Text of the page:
Rather than trying to be less bad, the Living Building Challenge steps back to ask the question, what does “good” look like?
The Living Building Challenge is regarded as the most stringent green building certification in the world, promoting living, regenerative buildings that produce more energy than they consume, avoid toxic chemicals, and reuse their water.
Projects can achieve three different certifications including full Living Building Certification, Petal Recognition, or Net Zero Energy Building Certification. While Living Building Certification is the ultimate goal for most projects, there are seven different “Petals,” or performance categories, including place, water, energy, health and happiness, equity, beauty, and materials, in which projects can certify in the pursuit of full Living Building Certification. In order to achieve Petal Certification, projects must certify in three or more Petals and one of the Petals must be either water, energy, or materials. Full Living Building Certification includes projects that have achieved all seven Petals in addition to meeting 20 different imperatives established by the International Living Building Institute.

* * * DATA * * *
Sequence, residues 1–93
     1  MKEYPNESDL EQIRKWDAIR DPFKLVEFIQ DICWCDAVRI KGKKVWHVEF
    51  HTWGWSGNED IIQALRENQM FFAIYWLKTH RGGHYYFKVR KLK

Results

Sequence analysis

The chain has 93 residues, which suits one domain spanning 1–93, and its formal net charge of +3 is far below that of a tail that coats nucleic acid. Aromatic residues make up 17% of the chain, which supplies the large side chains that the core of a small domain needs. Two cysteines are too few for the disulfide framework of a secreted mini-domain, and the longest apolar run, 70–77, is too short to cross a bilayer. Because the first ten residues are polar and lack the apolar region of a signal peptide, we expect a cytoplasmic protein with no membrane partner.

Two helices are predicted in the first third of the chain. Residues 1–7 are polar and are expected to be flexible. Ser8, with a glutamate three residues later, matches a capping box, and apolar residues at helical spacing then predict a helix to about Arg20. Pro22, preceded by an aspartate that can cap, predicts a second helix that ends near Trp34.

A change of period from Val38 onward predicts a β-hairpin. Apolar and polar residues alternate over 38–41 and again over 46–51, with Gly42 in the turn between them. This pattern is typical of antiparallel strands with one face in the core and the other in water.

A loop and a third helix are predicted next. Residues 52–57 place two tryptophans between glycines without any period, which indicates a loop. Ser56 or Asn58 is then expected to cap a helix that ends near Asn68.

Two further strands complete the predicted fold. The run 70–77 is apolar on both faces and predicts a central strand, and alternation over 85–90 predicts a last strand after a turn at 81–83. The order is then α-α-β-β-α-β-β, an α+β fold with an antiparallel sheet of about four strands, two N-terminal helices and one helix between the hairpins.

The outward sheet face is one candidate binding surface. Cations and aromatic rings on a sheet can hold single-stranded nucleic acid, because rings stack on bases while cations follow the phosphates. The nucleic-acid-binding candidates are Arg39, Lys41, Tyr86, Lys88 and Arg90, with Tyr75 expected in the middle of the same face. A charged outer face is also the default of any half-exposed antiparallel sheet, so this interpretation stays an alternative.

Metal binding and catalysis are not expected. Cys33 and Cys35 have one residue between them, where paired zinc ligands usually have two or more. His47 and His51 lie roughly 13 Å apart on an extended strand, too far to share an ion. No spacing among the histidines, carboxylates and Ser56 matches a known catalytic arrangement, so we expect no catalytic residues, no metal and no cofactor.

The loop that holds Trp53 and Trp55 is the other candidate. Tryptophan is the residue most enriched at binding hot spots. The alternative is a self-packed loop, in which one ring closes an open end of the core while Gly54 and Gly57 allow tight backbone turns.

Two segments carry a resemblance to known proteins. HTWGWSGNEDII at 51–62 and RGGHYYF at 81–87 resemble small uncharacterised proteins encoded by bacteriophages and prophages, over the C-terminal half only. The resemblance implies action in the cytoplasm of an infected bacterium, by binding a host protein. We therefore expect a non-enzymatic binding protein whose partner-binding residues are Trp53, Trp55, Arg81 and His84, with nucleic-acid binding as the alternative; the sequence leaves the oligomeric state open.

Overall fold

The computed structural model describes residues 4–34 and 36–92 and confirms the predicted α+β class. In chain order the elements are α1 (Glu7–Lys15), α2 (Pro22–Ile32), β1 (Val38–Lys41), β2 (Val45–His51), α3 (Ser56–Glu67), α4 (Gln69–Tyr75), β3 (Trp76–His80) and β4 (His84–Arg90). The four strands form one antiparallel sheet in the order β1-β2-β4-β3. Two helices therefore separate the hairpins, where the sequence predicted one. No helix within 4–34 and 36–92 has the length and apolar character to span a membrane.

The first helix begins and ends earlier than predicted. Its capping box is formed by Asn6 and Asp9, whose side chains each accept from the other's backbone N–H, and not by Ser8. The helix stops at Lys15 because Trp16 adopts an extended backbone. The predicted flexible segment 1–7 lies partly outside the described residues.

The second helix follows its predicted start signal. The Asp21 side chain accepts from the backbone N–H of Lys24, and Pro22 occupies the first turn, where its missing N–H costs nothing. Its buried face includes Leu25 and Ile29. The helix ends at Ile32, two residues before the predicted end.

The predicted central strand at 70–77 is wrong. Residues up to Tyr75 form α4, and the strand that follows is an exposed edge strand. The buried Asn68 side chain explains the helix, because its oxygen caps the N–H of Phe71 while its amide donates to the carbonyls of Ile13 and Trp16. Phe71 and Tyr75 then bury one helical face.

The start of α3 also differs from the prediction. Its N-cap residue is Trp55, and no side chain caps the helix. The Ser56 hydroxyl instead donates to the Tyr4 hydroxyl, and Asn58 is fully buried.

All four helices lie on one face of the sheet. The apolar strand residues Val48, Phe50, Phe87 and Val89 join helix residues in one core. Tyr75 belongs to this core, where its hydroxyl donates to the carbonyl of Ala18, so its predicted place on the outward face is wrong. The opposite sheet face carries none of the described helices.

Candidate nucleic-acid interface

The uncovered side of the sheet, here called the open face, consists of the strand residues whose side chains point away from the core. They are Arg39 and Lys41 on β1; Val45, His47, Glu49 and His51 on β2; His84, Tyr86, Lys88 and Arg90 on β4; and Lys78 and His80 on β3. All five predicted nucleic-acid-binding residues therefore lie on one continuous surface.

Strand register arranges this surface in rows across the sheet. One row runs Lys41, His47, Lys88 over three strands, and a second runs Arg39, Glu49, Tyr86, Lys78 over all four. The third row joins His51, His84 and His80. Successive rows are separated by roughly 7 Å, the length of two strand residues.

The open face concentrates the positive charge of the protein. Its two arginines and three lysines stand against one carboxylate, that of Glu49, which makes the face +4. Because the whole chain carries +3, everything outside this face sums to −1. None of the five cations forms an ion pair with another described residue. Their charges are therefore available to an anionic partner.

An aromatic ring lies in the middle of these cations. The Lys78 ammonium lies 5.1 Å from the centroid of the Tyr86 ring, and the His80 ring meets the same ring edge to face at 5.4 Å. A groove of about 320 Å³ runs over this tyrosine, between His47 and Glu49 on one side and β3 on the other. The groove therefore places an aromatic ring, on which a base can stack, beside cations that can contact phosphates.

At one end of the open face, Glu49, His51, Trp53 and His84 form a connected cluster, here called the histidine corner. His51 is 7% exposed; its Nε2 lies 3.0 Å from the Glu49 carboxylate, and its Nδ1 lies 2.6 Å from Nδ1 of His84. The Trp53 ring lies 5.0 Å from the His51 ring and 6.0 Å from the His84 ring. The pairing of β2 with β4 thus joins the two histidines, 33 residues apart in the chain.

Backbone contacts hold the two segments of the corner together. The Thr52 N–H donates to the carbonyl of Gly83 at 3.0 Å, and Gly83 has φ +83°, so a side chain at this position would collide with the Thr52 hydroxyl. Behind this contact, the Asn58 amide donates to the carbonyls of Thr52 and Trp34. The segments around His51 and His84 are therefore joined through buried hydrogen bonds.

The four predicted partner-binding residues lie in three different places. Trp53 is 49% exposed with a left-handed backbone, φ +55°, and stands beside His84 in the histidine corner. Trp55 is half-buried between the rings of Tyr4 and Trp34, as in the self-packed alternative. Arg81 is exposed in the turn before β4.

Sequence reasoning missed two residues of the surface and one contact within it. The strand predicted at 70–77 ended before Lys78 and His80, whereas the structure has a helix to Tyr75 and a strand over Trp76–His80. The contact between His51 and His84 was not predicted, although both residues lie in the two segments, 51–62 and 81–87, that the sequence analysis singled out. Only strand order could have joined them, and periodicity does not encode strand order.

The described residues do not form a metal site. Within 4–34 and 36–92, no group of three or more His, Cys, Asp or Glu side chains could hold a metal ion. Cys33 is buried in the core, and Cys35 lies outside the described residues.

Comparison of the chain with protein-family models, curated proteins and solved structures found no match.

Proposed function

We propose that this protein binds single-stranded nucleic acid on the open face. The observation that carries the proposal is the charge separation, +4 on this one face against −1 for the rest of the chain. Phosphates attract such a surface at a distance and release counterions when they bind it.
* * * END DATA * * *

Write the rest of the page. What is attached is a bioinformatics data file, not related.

In addition to being a certification process, the Living Building Challenge can be seen as a philosophy - a profoundly unique approach to looking at the environment. Rather than trying to be less bad, the Living Building Challenge steps back to ask the question, what does “good” look like? We had a chance to discuss this innovative approach to promoting a more sustainable built environment with Living Building Challenge Executive Director Amanda Sturgeon.
Leadership in Energy and Environmental Design, or LEED, is probably the most recognized certification in the built environment. How does the Living Building Challenge differ from LEED and build upon it?